Add a layer of custard and smooth it to the edges with a spoon. Add another third of the raspberry sauce, a second layer of brownie pieces and then the remaining strawberries.

Add the remaining custard and smooth to the edges, then top with the remaining brownie pieces and raspberry sauce. Finish with the remaining whipped cream and gently smooth the top.

Chill for at least 3 hours before serving.

Just before serving, decorate the top with the fresh raspberries, crumbled Flake and a sprinkle of icing sugar.

Tips and tricks

This trifle is even better if you make it a day in advance and store it in the fridge overnight.


Images and text extracted from Summer Favourites by Vanya Insull, published by Allen & Unwin, RRP $39.99.


Roasted hazelnut and espresso tiramisu cream pavlova

Two layers of crisp and chewy hazelnut meringue, whipped espresso cream, fudgy chocolate sauce and praline shards. Yum!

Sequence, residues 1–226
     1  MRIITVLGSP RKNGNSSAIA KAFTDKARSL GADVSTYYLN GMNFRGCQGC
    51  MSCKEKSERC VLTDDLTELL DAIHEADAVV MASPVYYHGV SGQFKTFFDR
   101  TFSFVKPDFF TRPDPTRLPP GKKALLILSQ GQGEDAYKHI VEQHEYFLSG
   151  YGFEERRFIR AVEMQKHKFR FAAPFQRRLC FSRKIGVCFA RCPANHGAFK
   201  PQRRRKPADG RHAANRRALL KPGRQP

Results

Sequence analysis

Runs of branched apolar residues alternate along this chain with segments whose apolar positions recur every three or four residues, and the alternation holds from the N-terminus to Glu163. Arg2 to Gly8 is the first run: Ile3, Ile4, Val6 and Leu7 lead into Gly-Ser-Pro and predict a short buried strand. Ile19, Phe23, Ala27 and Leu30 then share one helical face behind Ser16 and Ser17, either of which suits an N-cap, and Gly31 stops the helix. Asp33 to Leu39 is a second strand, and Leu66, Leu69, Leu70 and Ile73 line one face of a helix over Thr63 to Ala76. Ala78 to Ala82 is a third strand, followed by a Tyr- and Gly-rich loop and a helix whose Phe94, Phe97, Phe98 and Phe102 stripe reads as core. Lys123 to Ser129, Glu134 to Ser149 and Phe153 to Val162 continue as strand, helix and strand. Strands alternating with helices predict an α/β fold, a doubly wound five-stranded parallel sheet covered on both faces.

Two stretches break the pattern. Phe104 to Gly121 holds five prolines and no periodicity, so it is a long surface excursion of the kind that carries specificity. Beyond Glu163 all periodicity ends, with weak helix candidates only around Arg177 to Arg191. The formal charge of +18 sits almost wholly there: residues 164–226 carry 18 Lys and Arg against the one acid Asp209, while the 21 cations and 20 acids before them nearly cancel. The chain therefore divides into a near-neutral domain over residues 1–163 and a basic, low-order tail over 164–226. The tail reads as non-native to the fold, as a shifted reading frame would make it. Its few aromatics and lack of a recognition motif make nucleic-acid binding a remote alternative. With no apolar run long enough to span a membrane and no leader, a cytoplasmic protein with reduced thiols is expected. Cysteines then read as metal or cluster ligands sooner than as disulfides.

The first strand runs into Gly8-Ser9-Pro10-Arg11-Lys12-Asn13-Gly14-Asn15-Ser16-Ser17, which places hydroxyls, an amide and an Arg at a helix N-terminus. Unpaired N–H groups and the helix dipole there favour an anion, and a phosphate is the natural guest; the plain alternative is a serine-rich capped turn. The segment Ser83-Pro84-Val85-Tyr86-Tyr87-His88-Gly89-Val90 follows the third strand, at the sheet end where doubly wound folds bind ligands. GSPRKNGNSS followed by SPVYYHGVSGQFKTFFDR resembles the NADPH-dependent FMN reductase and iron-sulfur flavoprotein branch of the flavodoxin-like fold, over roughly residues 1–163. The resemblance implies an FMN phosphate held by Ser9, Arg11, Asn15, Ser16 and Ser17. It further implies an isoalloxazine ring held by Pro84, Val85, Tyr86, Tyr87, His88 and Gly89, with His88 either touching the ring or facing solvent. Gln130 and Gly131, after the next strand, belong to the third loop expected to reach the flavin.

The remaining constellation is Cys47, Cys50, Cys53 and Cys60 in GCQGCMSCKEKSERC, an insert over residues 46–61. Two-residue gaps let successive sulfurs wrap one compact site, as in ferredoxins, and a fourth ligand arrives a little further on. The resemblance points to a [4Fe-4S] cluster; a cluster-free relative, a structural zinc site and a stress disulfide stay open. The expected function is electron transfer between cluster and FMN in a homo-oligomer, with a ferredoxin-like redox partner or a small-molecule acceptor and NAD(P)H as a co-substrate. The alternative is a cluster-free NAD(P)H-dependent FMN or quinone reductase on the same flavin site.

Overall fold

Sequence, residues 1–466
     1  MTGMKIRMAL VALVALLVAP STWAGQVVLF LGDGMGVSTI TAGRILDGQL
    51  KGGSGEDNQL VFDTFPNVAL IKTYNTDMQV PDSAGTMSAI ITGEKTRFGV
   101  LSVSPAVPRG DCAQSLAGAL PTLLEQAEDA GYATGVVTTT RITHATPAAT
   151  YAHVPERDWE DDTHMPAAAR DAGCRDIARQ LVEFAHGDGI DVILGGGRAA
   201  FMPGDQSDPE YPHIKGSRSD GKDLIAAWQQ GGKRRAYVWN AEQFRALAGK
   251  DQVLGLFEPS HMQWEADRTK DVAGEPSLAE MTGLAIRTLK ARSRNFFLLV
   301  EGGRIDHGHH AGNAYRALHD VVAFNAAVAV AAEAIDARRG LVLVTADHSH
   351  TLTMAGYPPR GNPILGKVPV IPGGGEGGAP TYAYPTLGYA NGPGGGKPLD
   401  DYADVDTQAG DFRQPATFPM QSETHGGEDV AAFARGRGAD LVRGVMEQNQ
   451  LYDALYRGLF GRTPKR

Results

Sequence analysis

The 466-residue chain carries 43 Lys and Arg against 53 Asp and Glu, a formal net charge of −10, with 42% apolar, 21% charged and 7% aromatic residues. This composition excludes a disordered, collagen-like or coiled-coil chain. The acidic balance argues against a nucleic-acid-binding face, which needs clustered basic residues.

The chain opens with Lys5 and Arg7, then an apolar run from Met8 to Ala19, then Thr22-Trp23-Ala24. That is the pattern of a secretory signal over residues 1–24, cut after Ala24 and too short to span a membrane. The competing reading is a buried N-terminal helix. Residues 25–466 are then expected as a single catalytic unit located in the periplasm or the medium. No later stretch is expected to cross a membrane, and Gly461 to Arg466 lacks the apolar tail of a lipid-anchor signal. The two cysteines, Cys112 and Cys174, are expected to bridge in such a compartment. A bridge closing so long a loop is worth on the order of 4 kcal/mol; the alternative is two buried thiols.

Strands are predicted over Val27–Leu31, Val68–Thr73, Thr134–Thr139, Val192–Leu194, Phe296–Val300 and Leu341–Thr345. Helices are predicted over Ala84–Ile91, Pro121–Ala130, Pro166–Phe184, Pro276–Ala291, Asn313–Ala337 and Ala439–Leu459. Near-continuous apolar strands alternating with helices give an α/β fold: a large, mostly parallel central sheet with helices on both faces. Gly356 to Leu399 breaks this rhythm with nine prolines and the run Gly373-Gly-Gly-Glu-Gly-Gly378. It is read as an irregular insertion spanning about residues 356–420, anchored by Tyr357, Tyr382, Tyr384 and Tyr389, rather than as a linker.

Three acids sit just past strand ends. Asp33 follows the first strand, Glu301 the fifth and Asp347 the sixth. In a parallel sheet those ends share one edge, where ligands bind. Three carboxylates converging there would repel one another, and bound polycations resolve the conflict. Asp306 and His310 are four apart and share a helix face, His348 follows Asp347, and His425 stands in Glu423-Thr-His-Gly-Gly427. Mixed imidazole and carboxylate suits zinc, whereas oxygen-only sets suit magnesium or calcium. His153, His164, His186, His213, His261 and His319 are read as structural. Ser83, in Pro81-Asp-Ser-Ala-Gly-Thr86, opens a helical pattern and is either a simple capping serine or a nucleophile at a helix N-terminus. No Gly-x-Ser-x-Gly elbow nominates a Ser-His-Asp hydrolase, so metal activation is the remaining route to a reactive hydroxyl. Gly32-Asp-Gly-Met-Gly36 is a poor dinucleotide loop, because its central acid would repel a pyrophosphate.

6 large egg whites

1½ cups caster sugar

1 Tbsp cornflour

2 tsp lemon juice

1 tsp vanilla extract

½ cup roughly chopped roasted hazelnuts

Tiramisu cream

1 Tbsp instant espresso coffee granules

2 Tbsp boiling water

250g mascarpone

½ cup cream

4 Tbsp demerara sugar

1/3 cup finely grated dark chocolate

To assemble

300ml cream, softly whipped

Fudgy chocolate sauce (see below)

Hazelnut praline (see below)


Pavlova: Trace a 20cm-diameter circle on two sheets of baking paper. Turn the paper over and place each one on a flat baking tray.

Preheat the oven to 120°C regular bake.

Whisk the egg whites to soft peaks, then gradually add the sugar, one tablespoon at a time. Whisk until thick and glossy and the sugar is dissolved. The mixture should be smooth when rubbed between your fingertips. Any undissolved sugar will cause the meringue to weep.

Sift over the cornflour and add the lemon juice, vanilla and hazelnuts. Using a large metal spoon, fold into the meringue.